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Bella Abzug and the Art of the Possible
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Editor's Desk 

Bella Abzug and the Art of the Possible

Fighting for incrementalism when revolution is in the air.

Andrew Silow-Carroll is Editor in Chief of The NY Jewish Week.

Margo Martindale as Bella Abzug in “Mrs. America.” Sabrina Lantos/FX
Margo Martindale as Bella Abzug in “Mrs. America.” Sabrina Lantos/FX

Margo Martindale does a terrific Bella Abzug in “Mrs. America,” the FX/Hulu miniseries about the fight over the Equal Rights Amendment. The actress appears to crawl into the skin and under the hats of the intimidating Abzug, the three-term congresswoman from New York City who organized the 1977 National Women’s Conference in Houston.

Like Abzug – or what I remember of her from the TV news – Martindale is witty, sardonic and a little too blunt for her own good. Abzug always reminded me of my mother, of blessed memory, who was all those things and more. Martindale’s performance brings all that Jewy, outer-borough energy roaring back.

The series is an essay on how to acquire and deploy political power. Gloria Steinem (Rose Byrne) deftly works the media, while feminism’s bete noire, Phyllis Schlafly (a regal, frightening Cate Blanchett) organizes the grassroots (no series has ever shown more envelope-stuffing and cold-calling, the unglamorous but necessary side of organizing). And when the feminist leaders in the show debate where to apply or respond to pressure – on LGBT rights, on universal childcare, on women of color – it is Abzug’s character who represents, sometimes to a fault, the art of the possible. More than the other characters, she understands how laws are made, the compromises that are necessary, the excrement that must be eaten if progress is to be made against intractable opponents. The idealists see her as cynical, and the radicals consider her a sellout.

Here she is in a heated exchange with Byrne as Steinem, the Ms. Magazine founder who is upset that Abzug finds it expedient to include conservative women at the National Women’s Conference:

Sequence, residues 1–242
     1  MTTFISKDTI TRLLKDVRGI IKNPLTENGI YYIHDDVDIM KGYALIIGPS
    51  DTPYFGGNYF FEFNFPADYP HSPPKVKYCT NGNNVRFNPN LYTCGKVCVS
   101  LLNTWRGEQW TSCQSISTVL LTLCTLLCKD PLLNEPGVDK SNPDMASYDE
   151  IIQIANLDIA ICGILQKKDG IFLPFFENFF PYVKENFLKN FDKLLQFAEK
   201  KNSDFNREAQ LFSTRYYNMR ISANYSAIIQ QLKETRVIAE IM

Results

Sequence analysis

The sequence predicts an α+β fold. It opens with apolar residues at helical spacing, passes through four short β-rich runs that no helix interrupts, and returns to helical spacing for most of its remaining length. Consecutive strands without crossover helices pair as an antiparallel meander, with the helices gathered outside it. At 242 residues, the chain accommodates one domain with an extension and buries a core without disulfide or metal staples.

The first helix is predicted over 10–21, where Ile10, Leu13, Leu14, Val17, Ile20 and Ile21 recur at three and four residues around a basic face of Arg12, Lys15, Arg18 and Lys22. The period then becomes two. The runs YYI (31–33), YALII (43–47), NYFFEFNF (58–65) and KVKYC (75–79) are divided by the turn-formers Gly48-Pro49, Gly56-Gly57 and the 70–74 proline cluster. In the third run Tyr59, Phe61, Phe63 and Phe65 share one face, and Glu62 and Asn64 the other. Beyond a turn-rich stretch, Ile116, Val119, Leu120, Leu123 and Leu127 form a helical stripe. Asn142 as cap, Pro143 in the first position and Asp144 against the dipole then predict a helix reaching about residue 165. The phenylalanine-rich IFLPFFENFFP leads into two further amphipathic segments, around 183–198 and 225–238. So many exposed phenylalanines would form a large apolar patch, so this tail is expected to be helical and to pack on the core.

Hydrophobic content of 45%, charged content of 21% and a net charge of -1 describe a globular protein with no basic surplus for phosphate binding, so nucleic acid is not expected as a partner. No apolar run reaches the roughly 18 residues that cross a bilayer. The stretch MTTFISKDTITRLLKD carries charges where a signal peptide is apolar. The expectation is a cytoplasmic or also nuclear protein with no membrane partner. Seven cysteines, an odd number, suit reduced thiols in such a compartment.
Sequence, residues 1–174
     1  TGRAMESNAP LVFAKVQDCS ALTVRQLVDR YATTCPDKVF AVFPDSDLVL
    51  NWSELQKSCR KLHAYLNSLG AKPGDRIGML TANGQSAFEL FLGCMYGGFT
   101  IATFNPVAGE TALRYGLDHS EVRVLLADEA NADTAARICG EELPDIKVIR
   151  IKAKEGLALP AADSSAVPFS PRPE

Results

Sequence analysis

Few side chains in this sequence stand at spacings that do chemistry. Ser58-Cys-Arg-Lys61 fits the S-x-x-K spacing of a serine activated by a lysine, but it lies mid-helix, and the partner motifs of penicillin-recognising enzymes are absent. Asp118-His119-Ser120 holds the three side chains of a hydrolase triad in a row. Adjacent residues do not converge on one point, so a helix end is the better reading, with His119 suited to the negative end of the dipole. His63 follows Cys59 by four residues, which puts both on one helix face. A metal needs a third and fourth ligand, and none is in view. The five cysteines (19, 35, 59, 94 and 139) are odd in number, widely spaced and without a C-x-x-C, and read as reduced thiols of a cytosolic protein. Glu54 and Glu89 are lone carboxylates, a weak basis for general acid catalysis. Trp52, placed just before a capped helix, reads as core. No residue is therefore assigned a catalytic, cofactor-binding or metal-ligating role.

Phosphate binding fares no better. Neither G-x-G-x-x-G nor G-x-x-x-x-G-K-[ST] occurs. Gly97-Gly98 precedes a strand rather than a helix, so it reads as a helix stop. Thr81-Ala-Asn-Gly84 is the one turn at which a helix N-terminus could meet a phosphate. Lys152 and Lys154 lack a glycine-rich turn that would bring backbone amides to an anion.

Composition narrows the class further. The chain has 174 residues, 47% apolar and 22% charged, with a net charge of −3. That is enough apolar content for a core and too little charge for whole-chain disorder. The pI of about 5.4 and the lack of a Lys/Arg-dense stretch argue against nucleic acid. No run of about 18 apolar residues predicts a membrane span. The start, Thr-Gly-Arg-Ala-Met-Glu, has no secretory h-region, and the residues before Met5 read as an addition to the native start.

Gloria: We finally have a place that’s ours, and they’re going to ruin it.

Bella: I’ve spent almost ten years in this town; I know what I can get done and what I can’t, something you’ve never had to learn.

Gloria: I’ve learned that I’m not willing to sit on another convention floor, getting called a murderer of babies. I’m not willing to let women speak who are getting funding by the Birchers. I’m sick of trading our dreams for a bit of the middle. This was supposed to be our Eden, and you’ve let the snakes in. You were a bigger radical than me when we met.

Bella: And you were a dilettante who wanted to play politics.

“I’m sick of trading our dreams for a bit of the middle.” That’s the frustration of “Defund the Police” activists who think incremental change is no solution to the crisis of police violence. “We mean what we say we mean—police in this country need to go; defunded, abolished. And the prisons,” Taylor James, a 26-year-old from Maryland, told Vanity Fair. “We tried Band-Aiding the problem, we tried reforms, and what? Another Black man was murdered and we’re still out protesting.”

But it is Abzug’s voice you hear when pragmatists argue that radical solutions are a gift to the other side, and that real change comes through “meaningful reforms” of existing institutions and structures. Stacey Abrams could have been channeling Abzug when she was interviewed on PBS NewsHour last week. Judy Woodruff asked the Georgia politician, who is on the short list to be Joe Biden’s 2020 running mate, to respond to criticism that Biden’s calls to reform police and prisons are tepid. Says Abrams:

First and foremost, as someone who’s an activist myself, I understand the power of a rallying cry.

But I also recognize that the responsibility of policymakers is to take the vision that is being espoused, the anguish that is being expressed, and turn it into real policies that cannot only be implemented but sustained.

Until Biden’s remarkable comeback in South Carolina, that argument – say, revolution vs. incrementalism – was the Democratic Party’s dilemma. Biden’s presumptive nomination seemed to settle the debate in favor of the pragmatists, at least at the national level. Now, with the George Floyd protests, the split is being revealed once again.

Some of this is generational: Young people have a natural tendency to be more impatient than their elders. But among longtime civil rights activists, there is earned frustration about the lack of change when it comes to police violence, mass incarceration and institutionalized racism. Michelle Alexander’s book “The New Jim Crow,” which described nearly every issue being discussed in the wake of Floyd’s killing, was published in 2010.  “A return to ‘normalcy’ will not suffice,” according to a letter signed by 50 liberal groups in response to Biden. “For too many Black people, normalcy has meant violence, intimidation and fear. What we actually need is a visionary departure from ‘normal.’”

Bella Abzug was hardly the defender of the status quo, however, and often made enemies, she often mused, because she refused to compromise. But she pushed back at normal not by proposing unrealizable policies, but by organizing and building coalitions. In her 2018 biography, “Battling Bella,” Leandra Ruth Zarnow writes that by the mid 1960s, “Abzug had decided it was time to transition from being an outside agitator to an outsider agitating on the inside.”

And yet. The ERA hasn’t passed. Abzug lost her 1976 bid for the Democratic nomination for the U.S. Senate. If anything, we’ve gone backwards on race. Maybe it’s time to pull off the Band-Aid. 

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